After a lazy weekend of what Hubby calls “fiddlin’ around,” I did manage to get some reading done, plus I baked some brownies he could take to the board meeting of the “Forum for Questioning Minds” he had to attend while I stayed home writing this, the kind of things “questioning minds” really want to know. Friday when I was dusting I found this old book about American outhouses I’d bought several years ago at the Spring Mountain Ranch State Park in Las Vegas with plans to read it . . . someday.
The glossy cover of The Vanishing American Outhouse, by Ronald S. Barlow would catch not just mine, but the eye of anyone who enjoys weird and unconventional reading material, especially anyone who has ever had to actually use one in his/her lifetime, and those folks are dwindling in number each year. In addition to the photographs, many in full color, it contains privy plans outlined with full particulars and issued by the U.S. Surgeon General of 1928.
I learned quite a bit poring through its pages, even without much said about Thomas Crapper, whom every trivia buff recognizes. For instance, Lem Putts, who specialized in the early 1900’s at building outhouses in rural America offered the following reasoning in answer to the question of should the door open inward or outward? on page 24 of The Specialist.
“It should open in! This is the way it works: Place yourself in there. The door openin’ in, say about forty-five degrees. This gives you air and lets the sun beat in. Now, if you hear anybody comin’, you can give it a quick shove with your foot and there you are. But if she swings out, where are you? You can’t run the risk of havin’ her open for air or sun, because if anyone comes, you can’t get up off the seat, reach way around and grab ‘er without gettin’ caught, now can you? “
Another thing to think about from the old days: When people traveled by automobile before modern highways and roadsides proliferated with McDonald’s and other fast food and rest stops, where did people do it when they had to go? People like my father who found themselves driving to Jacksonville with four children in the car to visit the aunts were known to park the car on the side of the road. Then whoever couldn’t hold it ’til we got there hightailed it to the wire fences between the highway and woods, hoisted him or herself over and squatted behind the biggest tree or fattest palmetto bush he or she could find.
But that was on the backroads in rural Florida. In the big world of busier highways, there were actually outhouses to accommodate larger numbers, as many as six at a time, shown in a picture in the book. MEN or WOMEN were painted on the front doors by sign painters who made their living traveling with their paint cans and brushes. These public service toilets were sometimes equipped corn cobs, which could be arguably dubbed the original “colored” toilet paper by virtue of their natural–not dyed–colors of red, white or green. They sound scratchy, but if they were freshly dried, corncobs were relatively soft, and slightly preferable to the second choice of old catalogs. The black and white pages worked better than the slick, colored pages.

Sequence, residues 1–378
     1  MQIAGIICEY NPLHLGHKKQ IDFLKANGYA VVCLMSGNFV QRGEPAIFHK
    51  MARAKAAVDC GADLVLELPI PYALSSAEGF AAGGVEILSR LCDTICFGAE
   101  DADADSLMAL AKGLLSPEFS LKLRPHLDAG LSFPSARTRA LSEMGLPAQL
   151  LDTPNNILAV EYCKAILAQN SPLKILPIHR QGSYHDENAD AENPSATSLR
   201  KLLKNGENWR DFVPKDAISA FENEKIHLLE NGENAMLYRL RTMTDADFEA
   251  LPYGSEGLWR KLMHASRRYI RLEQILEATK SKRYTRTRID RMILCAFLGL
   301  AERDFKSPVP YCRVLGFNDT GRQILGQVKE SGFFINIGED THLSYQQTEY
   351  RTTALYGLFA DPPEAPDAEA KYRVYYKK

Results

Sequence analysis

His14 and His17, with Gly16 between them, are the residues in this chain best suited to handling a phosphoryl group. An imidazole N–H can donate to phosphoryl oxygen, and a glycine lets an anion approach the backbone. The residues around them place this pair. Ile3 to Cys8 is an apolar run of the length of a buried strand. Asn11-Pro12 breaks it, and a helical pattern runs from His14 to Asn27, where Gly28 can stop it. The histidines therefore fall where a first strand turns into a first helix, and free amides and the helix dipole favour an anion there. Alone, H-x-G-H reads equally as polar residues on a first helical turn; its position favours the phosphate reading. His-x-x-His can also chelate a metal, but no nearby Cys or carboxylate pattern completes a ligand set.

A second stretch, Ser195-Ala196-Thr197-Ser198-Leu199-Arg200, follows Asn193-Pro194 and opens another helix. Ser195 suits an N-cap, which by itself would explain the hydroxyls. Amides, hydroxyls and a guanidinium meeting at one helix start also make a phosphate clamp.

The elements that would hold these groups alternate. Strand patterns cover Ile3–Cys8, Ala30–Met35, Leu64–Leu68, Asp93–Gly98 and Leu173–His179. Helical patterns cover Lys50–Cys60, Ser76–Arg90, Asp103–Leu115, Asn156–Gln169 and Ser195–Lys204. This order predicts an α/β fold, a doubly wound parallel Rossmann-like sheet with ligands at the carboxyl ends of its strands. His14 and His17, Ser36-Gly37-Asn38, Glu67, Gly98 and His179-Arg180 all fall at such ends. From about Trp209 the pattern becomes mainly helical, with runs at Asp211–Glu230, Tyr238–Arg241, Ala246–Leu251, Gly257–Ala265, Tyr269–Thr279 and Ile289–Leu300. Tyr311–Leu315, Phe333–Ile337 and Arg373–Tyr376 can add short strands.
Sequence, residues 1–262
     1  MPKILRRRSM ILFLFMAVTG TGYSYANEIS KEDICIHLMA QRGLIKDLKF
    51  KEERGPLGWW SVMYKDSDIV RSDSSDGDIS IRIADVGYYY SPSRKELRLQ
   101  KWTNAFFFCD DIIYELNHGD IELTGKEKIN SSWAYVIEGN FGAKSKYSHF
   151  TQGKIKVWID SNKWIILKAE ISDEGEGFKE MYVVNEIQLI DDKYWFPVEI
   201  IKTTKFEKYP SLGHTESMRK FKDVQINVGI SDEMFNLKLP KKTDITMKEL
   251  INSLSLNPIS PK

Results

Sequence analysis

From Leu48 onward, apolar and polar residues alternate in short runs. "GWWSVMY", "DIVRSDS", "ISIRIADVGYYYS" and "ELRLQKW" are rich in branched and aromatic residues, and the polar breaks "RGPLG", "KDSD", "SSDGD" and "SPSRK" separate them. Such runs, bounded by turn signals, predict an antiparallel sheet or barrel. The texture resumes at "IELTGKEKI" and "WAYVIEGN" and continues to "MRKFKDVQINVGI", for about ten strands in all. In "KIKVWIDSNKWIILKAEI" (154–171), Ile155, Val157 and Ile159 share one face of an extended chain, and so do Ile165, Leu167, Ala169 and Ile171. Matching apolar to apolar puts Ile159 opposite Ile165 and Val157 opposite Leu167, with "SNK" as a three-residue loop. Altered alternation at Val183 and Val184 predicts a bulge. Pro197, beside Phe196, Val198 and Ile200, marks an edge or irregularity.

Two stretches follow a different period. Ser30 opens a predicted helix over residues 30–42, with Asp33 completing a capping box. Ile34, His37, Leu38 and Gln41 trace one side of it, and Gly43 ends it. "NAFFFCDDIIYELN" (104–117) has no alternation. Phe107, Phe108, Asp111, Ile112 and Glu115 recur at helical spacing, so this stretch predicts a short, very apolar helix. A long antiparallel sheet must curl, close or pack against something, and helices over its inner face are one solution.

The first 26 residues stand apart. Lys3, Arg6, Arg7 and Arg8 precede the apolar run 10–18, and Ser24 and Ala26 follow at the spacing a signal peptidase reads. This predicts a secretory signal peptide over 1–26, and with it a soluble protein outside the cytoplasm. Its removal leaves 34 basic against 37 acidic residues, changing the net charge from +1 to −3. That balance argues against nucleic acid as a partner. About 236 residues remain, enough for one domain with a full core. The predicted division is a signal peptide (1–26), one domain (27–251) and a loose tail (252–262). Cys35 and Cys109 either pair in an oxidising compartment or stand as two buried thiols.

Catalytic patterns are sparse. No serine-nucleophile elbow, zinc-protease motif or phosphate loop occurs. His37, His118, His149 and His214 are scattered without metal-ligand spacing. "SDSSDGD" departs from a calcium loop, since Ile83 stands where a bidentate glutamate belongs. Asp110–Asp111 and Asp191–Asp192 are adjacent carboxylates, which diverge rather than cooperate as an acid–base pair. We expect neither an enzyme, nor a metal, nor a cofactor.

And what about prisoners in jails? Where did they go? Well, when a prisoner had to go, he would call out “take me to de potty,” and then special sheriffs assistants would take them to the outhouse and wait while they did their duty, and then bring them back. Naturally these assistants soon became known as “De Potty Sheriffs” which, according to Privy, Outhouse, Backhouse, John by Wellington Durst evolved into the “Deputy Sheriffs” of today.
There! Now that I’ve told you more than you probably ever wanted to know about outhouses in general, don’t you feel smart? In fact, as one fairly bursting with random and unnecessary trivia about all kinds of subjects, I propose some television producer, an up-and-coming Merv Griffin of tomorrow, come up with a new game show that might use all these useless bits of knowledge.
Let’s say the winning $128,000 question ($64,000 adjusted for inflation–I’m not greedy) is How many baths did Queen Isabella of Spain have before she died? You’d watch me on a show like that, wouldn’t you? Maybe I’ll be back with the answer after another weekend of reading, or another google search. Or you could just look here and find out for yourself. There’s so much more stuff out there just waiting for me. Or perhaps another book in my personal library. But It will just have to wait, I guess, until I dust again!
Simply delightful. I’ll look for it in the local library.
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amazing the fascination toilets have for all of us. My first experience with an outhouse is a long story I’m not ready to talk about. I encountered the second one in 1955, in Colorado, on a roadtrip. We stopped at one of those long gone general stores where they had electric lights and an electric cooler. When I asked for the toilet they sent me out back to an outhouse. Electricity, but no plumbing; this city girl couldn’t understand it.
What amazes me, Ruthe, is that it was 1955! Even we had an indoor toilet by around 1950 (!) and my area of the south stayed depressed much longer than I’d
imagine other parts of the U.S. Nice to hear from you!